What first sparked your interest in rituals?
I have always been intrigued by different religions and the reasons for believing that certain observances could result in specific outcomes. I am really interested in the material culture surrounding these beliefs. I think that plays a large role in how I understand my work.
Do you have a favorite museum?
Some of my favorite museums are the Whitney Museum of American Art, the New Museum of Contemporary Art, and Dia: Beacon.
What are a few of your favorite artists and why?
I am interested in the work of Zilia Sánchez; she builds armatures for her paintings that allow the forms to protrude into space. Another artist of interest is Eva Hesse, particularly her reliefs from 1965 that make use of ordinary materials.
If you could describe yourself in one word what would it be?
I would describe myself as self-motivated. I like to seek out new opportunities.
While at Drew did you work on or off campus?
While at Drew, I worked both on and off campus. On campus, I held numerous positions. I worked in the art department as a gallery and studio assistant. In that position, I installed shows in the Korn Gallery, sent out press releases, and monitored the gallery. I also tutored comparative religion and art history classes at the Center for Academic Excellence. I worked as an assistant in the United Methodist Archives. I also coordinated the Arts of Respect Grant through the Center on Religion, Culture, and Conflict.
Did you do any internships?
I completed three internships while a student. In 2018, I interned at Pace Prints on 57th Street in Manhattan. Pace Prints is a gallery affiliated with Pace Gallery that publishes prints and editions. This was an exciting opportunity as I was able to learn about how commercial galleries operate. In 2017, I interned at the Visual Arts Center of New Jersey in Summit with their Education department. In that position, I was able to learn about the operations of an arts non-profit. In 2016, I interned at Historic Speedwell in Morristown, New Jersey.
While at Drew did you do any NYC or shortTRECs or study abroad?
One of my favorite classes at Drew was the New York Semester on Contemporary Art. In NY semester, we visited galleries, museums, artists’ studios, and other places such as the offices of an art magazine. We met with artists, gallerists, critics, curators, and arts conservators. Seeing the wide range of career opportunities was exciting as was seeing artists working in their studios. I think that the program instills confidence in everyone who participates due to the opportunity to see the different types of career opportunities available and meet with people working in the field. The program prepared me to have an understanding of the NYC art world and gave me a familiarity with the different galleries, institutions, and contemporary artists.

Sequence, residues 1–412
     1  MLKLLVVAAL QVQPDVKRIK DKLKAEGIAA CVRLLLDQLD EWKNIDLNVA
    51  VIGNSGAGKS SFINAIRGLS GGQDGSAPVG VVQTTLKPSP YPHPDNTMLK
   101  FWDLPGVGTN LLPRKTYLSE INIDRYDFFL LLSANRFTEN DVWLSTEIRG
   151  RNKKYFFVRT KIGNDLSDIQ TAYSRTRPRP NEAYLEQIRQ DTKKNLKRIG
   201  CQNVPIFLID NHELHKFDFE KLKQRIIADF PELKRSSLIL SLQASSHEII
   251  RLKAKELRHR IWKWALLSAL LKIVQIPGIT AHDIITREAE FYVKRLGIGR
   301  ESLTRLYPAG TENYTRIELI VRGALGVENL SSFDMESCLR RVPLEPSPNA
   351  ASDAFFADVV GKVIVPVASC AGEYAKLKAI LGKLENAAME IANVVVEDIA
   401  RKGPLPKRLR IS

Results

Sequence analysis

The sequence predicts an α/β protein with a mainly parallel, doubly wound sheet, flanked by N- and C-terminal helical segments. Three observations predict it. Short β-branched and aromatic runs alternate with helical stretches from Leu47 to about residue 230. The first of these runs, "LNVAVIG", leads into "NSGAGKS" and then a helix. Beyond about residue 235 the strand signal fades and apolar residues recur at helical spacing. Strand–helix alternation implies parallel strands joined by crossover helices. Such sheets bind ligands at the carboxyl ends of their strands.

What is one or a few favorite classes you’ve had at Drew and why?
Some of my favorite classes at Drew were painting courses with Professor Jason Karolak, a Special Topics course in watercolor/water-soluble media with Professor Claire Sherman, and New York Semester on Contemporary Art with Professor Kimberly Rhodes. All of these courses were closely aligned with my interests and exposed me to new ways of thinking about art.
What are some of your favorite memories/highlights from your time at Drew?
One of my favorite memories is having the opportunity to co-curate an exhibit (New York Semester on Contemporary Art: The First Decade, 1967-1977) with Professor Kimberly Rhodes in the United Methodist Archives on the history of the New York Art Semester on Contemporary Art. It was exciting to gather archival material that told a story about the initial years of the Art Semester in the 70s and the important artists and critics that were involved.
Another favorite memory is Senior Studio, a course in the art department that is taken over the two semesters of the senior year. This course gave me the opportunity to develop a body of work in my own studio space.
In general, what advice would you give to first year students?
I would emphasize the importance of studying something you are passionate about, being open to new opportunities, and completing internships while at Drew.
Where do you see yourself in 5 years?
I am interested in being in a capacity where I could support other artists as well as continuing my studio practice.
Fun Fact (s) about you:
I have work up in two group shows at artist-run galleries/spaces in NYC right now.
Check out Shayna’s exhibitions and other press HERE
If you are interested in purchasing Shayna’s work contact Shayna at firstname.lastname@example.org
By Yasmin Acosta, Launch Catalyst
Coordinator/Advisor – Arts, Communications & Languages Career Community